“The previous National-led Government took a range of practical measures which improved rental accommodation for tens of thousands of New Zealanders, without imposing unreasonable costs on landlords and driving up rents.
“We invested heavily in insulation and made it compulsory in all rental properties along with smoke alarms, and we changed the law to ensure bad landlords were more accountable.
“Under Labour’s bill, the date for homes to be insulated could actually be delayed and the responsibilities placed on landlords will remain the same, as will the penalties they face when they fail to comply.
“The requirements for homes to be heated, ventilated, properly drained and free of draughts are also already required under existing housing regulations - so what is the point of this needless legislation?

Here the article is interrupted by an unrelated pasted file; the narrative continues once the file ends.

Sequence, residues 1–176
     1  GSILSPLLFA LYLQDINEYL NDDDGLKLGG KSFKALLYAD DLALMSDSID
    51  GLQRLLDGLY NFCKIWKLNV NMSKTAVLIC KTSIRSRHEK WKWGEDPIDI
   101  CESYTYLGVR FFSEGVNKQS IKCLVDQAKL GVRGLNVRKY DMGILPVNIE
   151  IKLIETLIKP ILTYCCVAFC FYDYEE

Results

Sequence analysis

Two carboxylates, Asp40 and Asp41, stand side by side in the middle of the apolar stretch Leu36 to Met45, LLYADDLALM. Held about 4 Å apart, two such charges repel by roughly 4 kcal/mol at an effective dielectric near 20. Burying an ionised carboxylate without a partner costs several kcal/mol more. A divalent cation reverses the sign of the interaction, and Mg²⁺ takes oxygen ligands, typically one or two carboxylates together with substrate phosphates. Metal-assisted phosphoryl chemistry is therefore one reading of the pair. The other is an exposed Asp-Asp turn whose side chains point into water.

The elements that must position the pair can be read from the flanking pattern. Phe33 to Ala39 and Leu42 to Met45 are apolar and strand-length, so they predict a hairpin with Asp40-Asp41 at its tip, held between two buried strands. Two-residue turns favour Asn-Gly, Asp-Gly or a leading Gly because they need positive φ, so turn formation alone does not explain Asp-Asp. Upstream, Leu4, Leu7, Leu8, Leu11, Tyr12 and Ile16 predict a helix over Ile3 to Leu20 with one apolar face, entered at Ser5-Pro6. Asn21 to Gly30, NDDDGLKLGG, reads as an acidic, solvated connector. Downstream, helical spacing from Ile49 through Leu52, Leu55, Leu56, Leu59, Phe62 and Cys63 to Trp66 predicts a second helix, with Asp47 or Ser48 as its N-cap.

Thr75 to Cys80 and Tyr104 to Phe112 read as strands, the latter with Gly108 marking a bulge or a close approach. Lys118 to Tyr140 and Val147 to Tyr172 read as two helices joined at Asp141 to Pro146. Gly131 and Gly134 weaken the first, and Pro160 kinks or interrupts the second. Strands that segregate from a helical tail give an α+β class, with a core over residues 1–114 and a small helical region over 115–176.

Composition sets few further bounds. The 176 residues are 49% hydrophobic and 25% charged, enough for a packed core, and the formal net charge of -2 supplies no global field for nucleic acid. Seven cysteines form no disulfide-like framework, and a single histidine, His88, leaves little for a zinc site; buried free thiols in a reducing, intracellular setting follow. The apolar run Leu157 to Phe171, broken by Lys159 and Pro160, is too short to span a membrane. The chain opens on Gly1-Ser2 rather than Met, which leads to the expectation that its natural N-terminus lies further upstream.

“As with a lot of what we are seeing from Labour, they are struggling to come up with ideas and when they manage to do so they are failing to deliver the detail.
“Instead we continue to see them impose superficial and ill-thought out changes which only create uncertainty, and then spin them as significant improvements.
“That’s exactly what we are seeing here. This latest bill is a waste of the House’s time and National won’t be supporting it.”
New Zealand’s inaugural Motorcycle Awareness month, which begins today, is an opportunity to increase awareness around the risks for motorcyclists on our roads, ACC Minister Michael Woodhouse says.
“Motorcycle safety is one of the four priorities of the Government’s Safer Journeys Action Plan 2016 -2020,” Mr Woodhouse says.